Behind the scenes at the Booker

<p>The highlight of the literary publishing year launches with a champagne reception in the Old Library of the Guildhall, deep in the heart of the City and just a stone&rsquo;s throw from St Paul&rsquo;s Cathedral. The room fills up quickly from 6.30pm onwards, this is not an evening to be fashionably late. It&rsquo;s a mix of publishers, literary editors, broadcasters and, of course, the authors themselves, propelled into the media glare under their publicists&rsquo; watchful gaze. <br />
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As you&rsquo;d expect, conversation in the Old Library is dominated by two questions&mdash;&lsquo;How many [of the shortlist] have you read?&rsquo; and &lsquo;Who do you think is going to win?&rsquo; Few people seem to have read all six, but nearly everyone has a strong opinion on who should win&mdash;and one person is even more precise: &lsquo;Are you asking me who I want to win? Or who I think deserves to win? Or who I think will win?&rsquo; he says. &lsquo;Because they are three different questions, and I&rsquo;d give you three different answers.&rsquo;<br />
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At 7.15pm comes the first call to dinner in the Great Hall. This always takes a while and requires much chivvying but everyone is seated, more or less on time, beneath the soaring arches. First up to the podium&mdash;and relayed around the Hall on screens&mdash;is Jonathan Taylor, chair of the Booker Prize Foundation, who points out that the &ldquo;bottom line&rdquo; for a prize is increased readership, and that sales for this year&rsquo;s shortlist are more than double the comparable period last year. He is followed by Peter Clarke, chief executive of the Man Group plc, who praises the &ldquo;extraordinary commitment&rdquo; of the Man Booker judges and announces that the shortlisted authors will each receive &pound;2,500, a designer bound edition of their book&mdash;and a year&rsquo;s membership of the Groucho Club (which gets a cheer). Next is a series of very short films featuring each author reading aloud and then talking about their book (apart from JM Coetzee who just does the reading aloud bit&mdash;he has an unexpectedly cut-glass accent). After every film the author is whisked on to the stage for a quick blink-and-you&rsquo;ll-miss-it handshake, apart from Coetzee who isn&rsquo;t here but whose editor steps in on his behalf.<br />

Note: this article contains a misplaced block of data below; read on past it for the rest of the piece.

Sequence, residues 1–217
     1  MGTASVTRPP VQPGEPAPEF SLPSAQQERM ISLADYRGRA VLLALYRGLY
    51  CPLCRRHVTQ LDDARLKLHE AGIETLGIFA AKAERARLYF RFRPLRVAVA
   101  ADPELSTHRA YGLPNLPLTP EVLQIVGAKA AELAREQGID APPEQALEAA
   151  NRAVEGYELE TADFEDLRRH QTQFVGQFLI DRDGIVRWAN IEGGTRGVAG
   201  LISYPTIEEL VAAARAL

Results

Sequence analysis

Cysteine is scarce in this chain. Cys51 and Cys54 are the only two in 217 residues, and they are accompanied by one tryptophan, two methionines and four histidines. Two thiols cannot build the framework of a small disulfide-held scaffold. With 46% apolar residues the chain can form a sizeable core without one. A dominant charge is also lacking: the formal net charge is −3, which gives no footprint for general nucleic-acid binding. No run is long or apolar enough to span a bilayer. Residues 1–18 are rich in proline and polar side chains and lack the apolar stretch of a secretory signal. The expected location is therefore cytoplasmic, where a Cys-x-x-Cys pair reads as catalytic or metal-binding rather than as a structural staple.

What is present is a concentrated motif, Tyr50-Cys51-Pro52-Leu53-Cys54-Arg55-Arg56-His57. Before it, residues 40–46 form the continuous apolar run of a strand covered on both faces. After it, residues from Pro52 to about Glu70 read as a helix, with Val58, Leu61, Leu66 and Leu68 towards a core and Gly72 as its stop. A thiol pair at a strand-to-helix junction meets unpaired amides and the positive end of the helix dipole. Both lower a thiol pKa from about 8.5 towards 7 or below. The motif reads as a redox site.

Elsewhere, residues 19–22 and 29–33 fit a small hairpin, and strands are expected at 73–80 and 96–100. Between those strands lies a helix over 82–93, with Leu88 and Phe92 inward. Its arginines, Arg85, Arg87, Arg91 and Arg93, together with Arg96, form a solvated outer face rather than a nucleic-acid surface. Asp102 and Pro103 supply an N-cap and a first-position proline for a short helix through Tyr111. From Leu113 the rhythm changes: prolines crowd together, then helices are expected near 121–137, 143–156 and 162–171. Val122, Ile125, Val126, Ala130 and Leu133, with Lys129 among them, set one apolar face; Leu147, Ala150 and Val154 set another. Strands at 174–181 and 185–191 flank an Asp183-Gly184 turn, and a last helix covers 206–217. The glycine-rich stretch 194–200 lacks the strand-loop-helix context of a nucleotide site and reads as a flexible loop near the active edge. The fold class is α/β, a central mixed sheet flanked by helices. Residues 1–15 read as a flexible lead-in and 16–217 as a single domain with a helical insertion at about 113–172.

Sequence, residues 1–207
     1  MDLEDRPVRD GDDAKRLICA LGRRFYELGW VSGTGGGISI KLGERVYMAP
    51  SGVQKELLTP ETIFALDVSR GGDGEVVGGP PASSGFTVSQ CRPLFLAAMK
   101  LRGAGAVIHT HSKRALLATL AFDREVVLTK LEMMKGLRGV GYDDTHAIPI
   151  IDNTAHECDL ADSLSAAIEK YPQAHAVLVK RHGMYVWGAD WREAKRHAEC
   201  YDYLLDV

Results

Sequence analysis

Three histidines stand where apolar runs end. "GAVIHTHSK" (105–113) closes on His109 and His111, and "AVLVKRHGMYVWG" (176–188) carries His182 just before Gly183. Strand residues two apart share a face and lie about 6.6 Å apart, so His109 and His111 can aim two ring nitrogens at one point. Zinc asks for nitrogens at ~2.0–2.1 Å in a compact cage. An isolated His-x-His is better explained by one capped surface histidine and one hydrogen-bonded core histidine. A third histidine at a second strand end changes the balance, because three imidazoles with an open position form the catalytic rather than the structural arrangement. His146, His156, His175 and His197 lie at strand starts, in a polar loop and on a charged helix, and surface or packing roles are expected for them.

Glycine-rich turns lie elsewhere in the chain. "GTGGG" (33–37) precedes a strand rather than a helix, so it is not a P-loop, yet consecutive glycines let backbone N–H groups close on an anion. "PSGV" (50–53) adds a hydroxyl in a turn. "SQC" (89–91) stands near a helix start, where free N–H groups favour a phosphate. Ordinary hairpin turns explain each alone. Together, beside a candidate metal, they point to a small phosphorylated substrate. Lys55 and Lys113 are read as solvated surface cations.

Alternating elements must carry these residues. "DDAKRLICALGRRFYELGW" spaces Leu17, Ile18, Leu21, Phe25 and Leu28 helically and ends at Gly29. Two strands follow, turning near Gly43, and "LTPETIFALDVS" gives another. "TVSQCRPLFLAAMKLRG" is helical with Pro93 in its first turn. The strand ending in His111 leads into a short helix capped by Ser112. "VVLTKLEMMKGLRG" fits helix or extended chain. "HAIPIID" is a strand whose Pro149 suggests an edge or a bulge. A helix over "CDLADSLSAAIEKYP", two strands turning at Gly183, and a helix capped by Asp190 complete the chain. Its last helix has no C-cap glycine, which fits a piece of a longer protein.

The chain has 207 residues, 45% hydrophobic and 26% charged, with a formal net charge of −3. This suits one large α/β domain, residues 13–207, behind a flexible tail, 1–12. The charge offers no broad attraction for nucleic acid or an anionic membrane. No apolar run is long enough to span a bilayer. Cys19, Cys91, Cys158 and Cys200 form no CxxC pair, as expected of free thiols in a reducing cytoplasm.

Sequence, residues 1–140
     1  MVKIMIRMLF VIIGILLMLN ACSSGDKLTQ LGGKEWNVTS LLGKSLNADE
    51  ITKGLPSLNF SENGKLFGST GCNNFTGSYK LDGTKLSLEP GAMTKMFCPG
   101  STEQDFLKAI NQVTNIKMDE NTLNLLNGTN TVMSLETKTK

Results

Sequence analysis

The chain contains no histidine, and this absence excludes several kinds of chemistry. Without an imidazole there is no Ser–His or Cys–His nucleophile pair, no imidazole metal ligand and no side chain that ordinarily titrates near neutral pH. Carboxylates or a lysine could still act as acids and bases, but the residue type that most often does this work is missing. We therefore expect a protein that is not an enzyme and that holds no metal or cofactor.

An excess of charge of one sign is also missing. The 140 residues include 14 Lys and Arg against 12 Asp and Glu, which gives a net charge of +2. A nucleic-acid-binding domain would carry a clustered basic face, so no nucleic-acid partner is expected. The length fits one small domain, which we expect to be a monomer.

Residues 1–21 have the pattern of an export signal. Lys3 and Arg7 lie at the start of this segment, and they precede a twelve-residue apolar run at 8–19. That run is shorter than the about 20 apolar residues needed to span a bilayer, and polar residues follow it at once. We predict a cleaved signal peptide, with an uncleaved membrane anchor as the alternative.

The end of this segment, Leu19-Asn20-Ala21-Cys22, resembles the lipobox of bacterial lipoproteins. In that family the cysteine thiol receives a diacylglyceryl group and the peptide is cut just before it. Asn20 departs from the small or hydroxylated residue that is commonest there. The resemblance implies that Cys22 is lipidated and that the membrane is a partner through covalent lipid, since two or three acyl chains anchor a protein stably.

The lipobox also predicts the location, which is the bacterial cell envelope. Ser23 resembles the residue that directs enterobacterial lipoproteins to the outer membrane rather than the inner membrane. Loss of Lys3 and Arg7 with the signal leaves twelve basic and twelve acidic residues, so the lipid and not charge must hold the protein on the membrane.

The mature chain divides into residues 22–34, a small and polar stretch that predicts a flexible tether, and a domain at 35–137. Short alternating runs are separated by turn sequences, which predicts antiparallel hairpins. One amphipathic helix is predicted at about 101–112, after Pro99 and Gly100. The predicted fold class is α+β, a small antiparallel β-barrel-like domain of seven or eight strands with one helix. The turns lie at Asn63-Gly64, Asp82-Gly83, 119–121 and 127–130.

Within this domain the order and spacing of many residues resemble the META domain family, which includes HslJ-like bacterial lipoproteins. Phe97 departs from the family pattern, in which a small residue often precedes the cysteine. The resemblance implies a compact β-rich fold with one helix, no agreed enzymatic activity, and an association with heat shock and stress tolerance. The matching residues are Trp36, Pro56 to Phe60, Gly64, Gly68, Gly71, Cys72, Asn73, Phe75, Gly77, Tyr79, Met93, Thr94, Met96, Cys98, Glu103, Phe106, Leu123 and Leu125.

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Then everything stops for dinner&mdash;mushroom and leek tart, duck with quince (plus a confit, a pur&eacute;e and a jus&mdash;excitingly all on the same plate) with ginger parkin and ice-cream for pudding. All delicious. <br />
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Finally it&rsquo;s time! James Naughtie, chair of Judges, takes to the stage and the air of excitement is palpable. He doesn&rsquo;t string it out for too long, but the anticipation in the audience builds and builds. He praises the shortlist&mdash;Mawer, Foulds, Byatt, Mantel, Coetzee, Waters&mdash;&ldquo;in no particular order&rdquo; and then, when the tension really is unbearable&hellip;it&rsquo;s Hilary Mantel. Huge cheers.<br />
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The official press conference takes place an hour later at 11pm, with Hilary Mantel flanked by Ion Trewin and a slightly dishevelled Naughtie. Mantel fields questions from the Independent, Daily Telegraph, Times and others. She gives quick, precise answers in a soft voice with only her fluttering fingers perhaps betraying her outward calm. <br />
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So in one sense it&rsquo;s all over, but in another it&rsquo;s just the start. Bad news for the bookies but fantastic for booksellers: the popular choice has triumphed, let&rsquo;s hope this translates into spectacular sales.<br />
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